In 1971, my sister, Gay Menning, and I along with the Bay Village Historical Society, co-wrote the first written history of Bay Village, Ohio. “Bay Village: A Way of Life” was delivered just in time for Christmas, 1974. It is already into its second printing. Today, this book is the Bible of Bay Village history.

Grandchildren and great-grandchildren of the area’s early settlers shared their memories with ease. “Her veart Deutsch gesprocken” quotes Edna Brauer remembering her grandmother, Marie Toensing’s, sign over the door.

Ashton Dodd laughs telling the story of working at Niemeiers on Bradley when the barn caught on fire, and, thinking the house in danger too, everyone picked up something of value and ran outside, Mr. Niemeier carrying the pot of peeled potatoes fixed for supper.

Clifton Aldrich remembers that if he was good he got to ride the merry go round in Mulberry Park on Clague Road.

Evelena Aldrich Thompson recalls, “It was exciting for the children to see the peddler, ‘old man Halle,’ coming up the road.”

Wirt Dodd shares the story of a train catching on fire behind his house and watching the cooked hams and bacons roll out of the burned boxcar.

Edna Hagedorn Toensing reminds us her parents were still slipping into their wooden shoes at the back door in 1900.

Bill Sadler remembers Grandmother Saddler renting cottages on the lake to the Cleveland Indians and Osborn cottages to Wielands and Steinbrenners in the 1930s.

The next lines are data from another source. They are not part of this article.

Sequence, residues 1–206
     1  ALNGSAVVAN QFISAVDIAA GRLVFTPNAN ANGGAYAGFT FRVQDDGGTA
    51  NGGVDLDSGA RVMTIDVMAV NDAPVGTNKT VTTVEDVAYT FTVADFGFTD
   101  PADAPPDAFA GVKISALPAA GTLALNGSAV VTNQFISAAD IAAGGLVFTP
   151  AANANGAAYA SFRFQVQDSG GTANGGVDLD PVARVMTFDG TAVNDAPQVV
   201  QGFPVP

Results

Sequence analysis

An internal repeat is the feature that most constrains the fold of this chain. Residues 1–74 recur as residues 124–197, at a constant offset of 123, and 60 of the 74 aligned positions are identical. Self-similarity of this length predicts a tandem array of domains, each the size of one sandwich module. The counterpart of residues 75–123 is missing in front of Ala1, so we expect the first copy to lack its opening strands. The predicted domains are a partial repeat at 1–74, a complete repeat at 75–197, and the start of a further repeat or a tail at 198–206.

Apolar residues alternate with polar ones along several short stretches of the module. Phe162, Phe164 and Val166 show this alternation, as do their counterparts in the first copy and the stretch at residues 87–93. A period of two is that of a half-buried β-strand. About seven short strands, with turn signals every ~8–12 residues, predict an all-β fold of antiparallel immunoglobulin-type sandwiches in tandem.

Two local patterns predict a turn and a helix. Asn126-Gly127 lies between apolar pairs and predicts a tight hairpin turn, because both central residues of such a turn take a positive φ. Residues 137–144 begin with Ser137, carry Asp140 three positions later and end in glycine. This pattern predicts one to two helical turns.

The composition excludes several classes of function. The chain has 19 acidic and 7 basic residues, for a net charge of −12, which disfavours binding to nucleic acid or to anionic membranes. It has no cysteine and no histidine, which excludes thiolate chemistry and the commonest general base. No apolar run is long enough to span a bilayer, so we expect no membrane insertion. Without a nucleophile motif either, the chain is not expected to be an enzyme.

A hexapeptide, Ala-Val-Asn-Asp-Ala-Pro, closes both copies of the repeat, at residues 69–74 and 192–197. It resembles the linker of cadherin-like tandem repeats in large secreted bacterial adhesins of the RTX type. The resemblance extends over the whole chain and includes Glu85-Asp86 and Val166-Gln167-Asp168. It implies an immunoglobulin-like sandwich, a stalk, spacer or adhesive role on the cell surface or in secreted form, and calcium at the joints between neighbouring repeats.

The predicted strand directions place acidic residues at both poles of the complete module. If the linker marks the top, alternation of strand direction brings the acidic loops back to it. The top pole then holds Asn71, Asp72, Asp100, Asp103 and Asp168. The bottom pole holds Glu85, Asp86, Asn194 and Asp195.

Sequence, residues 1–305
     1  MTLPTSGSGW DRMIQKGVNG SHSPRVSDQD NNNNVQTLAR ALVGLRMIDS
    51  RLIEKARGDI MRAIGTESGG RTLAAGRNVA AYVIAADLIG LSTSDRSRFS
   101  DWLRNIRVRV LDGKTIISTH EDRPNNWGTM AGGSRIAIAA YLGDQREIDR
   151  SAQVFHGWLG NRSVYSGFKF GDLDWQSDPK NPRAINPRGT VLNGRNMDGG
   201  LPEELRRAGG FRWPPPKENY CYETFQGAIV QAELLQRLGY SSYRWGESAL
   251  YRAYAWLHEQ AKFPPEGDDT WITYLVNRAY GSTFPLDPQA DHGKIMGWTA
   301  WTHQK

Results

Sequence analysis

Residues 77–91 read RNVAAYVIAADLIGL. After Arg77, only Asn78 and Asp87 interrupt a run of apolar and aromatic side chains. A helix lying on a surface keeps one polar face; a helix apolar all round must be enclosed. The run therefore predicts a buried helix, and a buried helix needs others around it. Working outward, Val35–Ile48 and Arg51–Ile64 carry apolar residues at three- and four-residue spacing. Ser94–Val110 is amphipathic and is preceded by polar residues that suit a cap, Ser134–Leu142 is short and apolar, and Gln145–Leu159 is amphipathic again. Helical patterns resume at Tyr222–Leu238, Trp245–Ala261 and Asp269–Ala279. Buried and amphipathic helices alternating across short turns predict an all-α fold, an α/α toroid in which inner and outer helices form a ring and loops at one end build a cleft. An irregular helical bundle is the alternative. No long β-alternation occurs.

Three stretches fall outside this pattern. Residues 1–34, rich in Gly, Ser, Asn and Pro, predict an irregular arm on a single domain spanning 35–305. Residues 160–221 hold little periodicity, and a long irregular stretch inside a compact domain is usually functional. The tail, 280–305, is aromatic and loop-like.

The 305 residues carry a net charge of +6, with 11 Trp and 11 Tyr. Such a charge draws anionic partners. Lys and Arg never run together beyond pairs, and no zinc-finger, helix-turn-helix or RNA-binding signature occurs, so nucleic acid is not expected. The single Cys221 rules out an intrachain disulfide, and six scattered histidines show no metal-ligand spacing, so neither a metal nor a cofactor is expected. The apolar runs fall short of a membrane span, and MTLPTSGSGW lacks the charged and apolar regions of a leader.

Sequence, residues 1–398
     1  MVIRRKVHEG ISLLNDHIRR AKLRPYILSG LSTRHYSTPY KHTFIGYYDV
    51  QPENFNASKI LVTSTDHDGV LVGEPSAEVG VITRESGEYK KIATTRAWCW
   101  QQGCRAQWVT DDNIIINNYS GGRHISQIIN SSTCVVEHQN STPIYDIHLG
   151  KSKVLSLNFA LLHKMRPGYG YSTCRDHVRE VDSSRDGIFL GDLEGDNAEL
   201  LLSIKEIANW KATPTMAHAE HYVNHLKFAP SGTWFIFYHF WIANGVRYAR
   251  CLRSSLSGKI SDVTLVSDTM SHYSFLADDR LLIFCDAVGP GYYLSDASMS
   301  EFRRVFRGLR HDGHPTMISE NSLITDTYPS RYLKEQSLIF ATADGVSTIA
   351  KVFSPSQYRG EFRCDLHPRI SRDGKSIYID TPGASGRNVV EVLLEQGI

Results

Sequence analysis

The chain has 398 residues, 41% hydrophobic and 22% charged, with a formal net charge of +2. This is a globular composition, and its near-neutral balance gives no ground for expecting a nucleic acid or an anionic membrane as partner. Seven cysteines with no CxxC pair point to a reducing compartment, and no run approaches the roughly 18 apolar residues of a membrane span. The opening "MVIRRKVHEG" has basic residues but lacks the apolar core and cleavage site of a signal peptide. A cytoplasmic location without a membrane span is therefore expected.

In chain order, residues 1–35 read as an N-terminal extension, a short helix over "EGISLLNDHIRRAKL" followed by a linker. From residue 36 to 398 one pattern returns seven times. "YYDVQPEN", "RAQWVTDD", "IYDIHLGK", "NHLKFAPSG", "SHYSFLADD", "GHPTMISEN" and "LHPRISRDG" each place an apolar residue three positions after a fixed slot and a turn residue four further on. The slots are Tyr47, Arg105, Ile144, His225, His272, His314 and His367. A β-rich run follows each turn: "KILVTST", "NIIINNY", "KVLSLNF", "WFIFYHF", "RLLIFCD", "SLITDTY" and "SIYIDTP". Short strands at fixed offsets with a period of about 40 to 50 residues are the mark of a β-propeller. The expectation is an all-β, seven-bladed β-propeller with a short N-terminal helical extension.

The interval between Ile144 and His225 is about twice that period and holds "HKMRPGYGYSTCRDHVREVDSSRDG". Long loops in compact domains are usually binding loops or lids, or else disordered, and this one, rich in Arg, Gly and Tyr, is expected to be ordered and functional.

The original sharp turns in Wolf Road were detours around the farmer’s fields.

Robert Swanker recalls a tree stump blowing so hard from explosives, it flew over Parkview School and landed on a parked car.

Clifton Aldrich remembers the Barker children running movie night in their garage for 5 cents on Saturday nights during the depression.

Jim Dodd said, “I have the world by the tail,” when Mrs. Rausch gave him a dollar for returning her watch dropped while boarding the interurban.

Sara Dodd Wymer remembers reading “Black Beauty” and hearing the workers whipping the horses to pull harder (it was also happening in her book) while workers dismantled the Huntington fish house.

“If you were in charge of a Civil Defense Block during WWII, you were known as ‘the Chief Blockhead,’” says Larry Carman.

The Wayne Laverty family watched their neighbor, Fred Drake, plant corn with a lantern tied to his leg during an air raid drill in 1941.

“Feed and entertain them,” said J. Ross Rothaermel, the first father elected Bay PTA president in 1941, and membership jumped from 69 to 350.

John Reed remembers starting the first boy scout troop in 1937.

The “Skin Game” was a group of Bay Village Women’s Club ladies making beautiful leather products.

Marshal Eaton tells us about the first “squad” car, a green Lincoln roadster left behind from a rum-runners raid.

History gives a community an opportunity to celebrate its past. Life was simple yet refined. No one was ever bored, for nature provided many thrills after chores were done. Life in general was one of appreciation.

“Bay Village: A Way of Life” can be purchased at Rose Hill Museum along with a new picture book, “Bay Village”.